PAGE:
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Two Dragons welcome the sunrise with an improvised dance atop the Andes. Photo by Ryan Gasper.

Definitions of Progress

If you look up the definition of progress in the dictionary, Merriam-Webster will tell you it means “forward or onward movement toward a destination”. Most people in the West would use an even stronger definition when talking about individual or national progress. They might define progress as change for the better, or striving for continued improvement in the hopes of eventually reaching some glorified ideal. This definition, though, is inherently problematic: it devalues cultures that aren’t our own; it devalues our differences; it tells us that we all have to have one understanding of greatness, and that if we don’t match up with that ideal we are weird, or even worse that we are failing in our pursuit of meaning in life. Development has similar problems in its connotations and implications of some perfect western ideal. Development includes the idea that western countries have an obligation to help other countries, but not just to help them, to help them become more like us – the perfect people (or at least the places that see themselves as being much closer to perfect).

Perhaps, then, we must find ourselves a new definition of progress and development, a new measure, a new goal that might actually have in mind the people who are theoretically being helped. Luckily for me, I don’t even have to find a new definition – George Santayana has already defined progress in a much less demeaning way. Just a couple of sentences above his famous line “those who cannot remember the past are condemned to repeat it” he utters a profound definition. “Progress” he states, “far from consisting in change, depends on retentiveness”. What a mind bending idea! What if we measured progress in retention? In languages learned, cultures celebrated, potato varieties available. I am not suggesting that we completely leave behind nitty gritty ideals of reducing malaria or making sanitation facilities available or improving roads, simply that these practical means of assistance must also be met with the impractical but ever important appreciation of cultures completely different than traditionally western imposed culture.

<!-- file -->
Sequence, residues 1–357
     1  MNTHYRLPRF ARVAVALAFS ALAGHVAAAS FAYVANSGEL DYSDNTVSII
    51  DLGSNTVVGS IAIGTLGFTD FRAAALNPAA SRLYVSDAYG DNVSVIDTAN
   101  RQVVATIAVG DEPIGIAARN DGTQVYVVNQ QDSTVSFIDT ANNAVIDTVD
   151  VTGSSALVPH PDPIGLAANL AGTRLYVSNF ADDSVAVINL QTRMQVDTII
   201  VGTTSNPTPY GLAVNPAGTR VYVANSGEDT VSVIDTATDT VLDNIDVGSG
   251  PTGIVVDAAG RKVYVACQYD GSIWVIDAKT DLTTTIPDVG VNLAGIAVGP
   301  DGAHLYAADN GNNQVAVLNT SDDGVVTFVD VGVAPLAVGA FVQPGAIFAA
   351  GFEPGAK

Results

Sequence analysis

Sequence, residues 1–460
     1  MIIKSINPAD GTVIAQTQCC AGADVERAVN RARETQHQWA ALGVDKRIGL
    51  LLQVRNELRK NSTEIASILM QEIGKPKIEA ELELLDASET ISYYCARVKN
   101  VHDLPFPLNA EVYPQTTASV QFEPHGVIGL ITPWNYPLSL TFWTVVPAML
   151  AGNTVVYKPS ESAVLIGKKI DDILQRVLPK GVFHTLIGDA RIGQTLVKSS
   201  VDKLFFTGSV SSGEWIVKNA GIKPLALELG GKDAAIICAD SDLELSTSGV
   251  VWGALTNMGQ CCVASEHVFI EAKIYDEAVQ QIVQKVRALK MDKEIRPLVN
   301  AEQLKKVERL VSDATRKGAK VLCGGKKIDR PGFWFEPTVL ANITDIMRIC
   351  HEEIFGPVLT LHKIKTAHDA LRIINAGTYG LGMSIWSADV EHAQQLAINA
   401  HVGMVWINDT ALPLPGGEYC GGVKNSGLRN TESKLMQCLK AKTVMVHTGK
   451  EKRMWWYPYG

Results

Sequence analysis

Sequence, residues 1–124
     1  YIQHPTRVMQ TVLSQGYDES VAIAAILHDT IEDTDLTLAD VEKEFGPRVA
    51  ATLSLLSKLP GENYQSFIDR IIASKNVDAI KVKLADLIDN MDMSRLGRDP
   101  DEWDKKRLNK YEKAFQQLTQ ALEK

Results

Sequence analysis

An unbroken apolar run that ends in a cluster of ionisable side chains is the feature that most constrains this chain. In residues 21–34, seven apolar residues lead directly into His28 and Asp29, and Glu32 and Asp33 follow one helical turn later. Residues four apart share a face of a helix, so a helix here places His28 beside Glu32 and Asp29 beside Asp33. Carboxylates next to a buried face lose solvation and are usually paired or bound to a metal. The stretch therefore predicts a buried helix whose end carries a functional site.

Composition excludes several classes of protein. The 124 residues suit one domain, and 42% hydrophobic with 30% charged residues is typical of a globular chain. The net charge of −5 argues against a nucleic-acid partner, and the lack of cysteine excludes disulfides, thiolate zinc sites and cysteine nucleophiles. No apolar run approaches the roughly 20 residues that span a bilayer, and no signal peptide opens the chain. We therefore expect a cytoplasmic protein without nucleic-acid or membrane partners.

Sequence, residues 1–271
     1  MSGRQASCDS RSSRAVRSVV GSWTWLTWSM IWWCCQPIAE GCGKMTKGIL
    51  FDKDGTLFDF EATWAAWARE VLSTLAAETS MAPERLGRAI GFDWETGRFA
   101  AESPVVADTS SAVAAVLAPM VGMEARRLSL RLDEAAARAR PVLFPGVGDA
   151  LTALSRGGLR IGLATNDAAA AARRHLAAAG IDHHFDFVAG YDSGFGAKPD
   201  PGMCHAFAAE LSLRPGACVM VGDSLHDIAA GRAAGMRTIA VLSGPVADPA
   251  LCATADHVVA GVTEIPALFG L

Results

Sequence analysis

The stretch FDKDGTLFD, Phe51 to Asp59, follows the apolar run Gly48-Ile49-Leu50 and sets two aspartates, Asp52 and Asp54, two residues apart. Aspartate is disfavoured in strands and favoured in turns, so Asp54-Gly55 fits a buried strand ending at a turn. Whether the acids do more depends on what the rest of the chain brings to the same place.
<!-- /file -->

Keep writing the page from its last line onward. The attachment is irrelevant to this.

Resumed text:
As my three months in Bolivia and Peru come to a close, how could I possibly describe these places I have lived as “undeveloped” or “not progressing”? Maybe my homestay family in Paru Paru didn’t have a tile floor in their kitchen, but they had hard packed earth that did the job (and soaked up spills without staining…), and they filled the room with love and laughter every day. What’s more, their walls were covered in photos of homestay students and their families, who they remembered fondly and prayed for every Sunday. Instead of cold tile, their kitchen was filled with the warmth of earth made ovens and love. Siwarkenti, our guide through Ausangate, did not attend a western university, but he knew more about the world around him and above him than anyone I think I have ever met.

As I remember moving through these places and prepare to come home, I realize I am the one who really has developing to do. I have only scratched the surface of understanding myself. I am not as loving as my Paru Paru family, or anywhere near as aware as Siwarkenti, but I can hope to learn from them and embody the qualities they inspire within me. The best way I can think to progress is not just to continue to learn, to question, to explore the world around me, but also to make sure that I retain all the lessons I have been taught in my time in South America.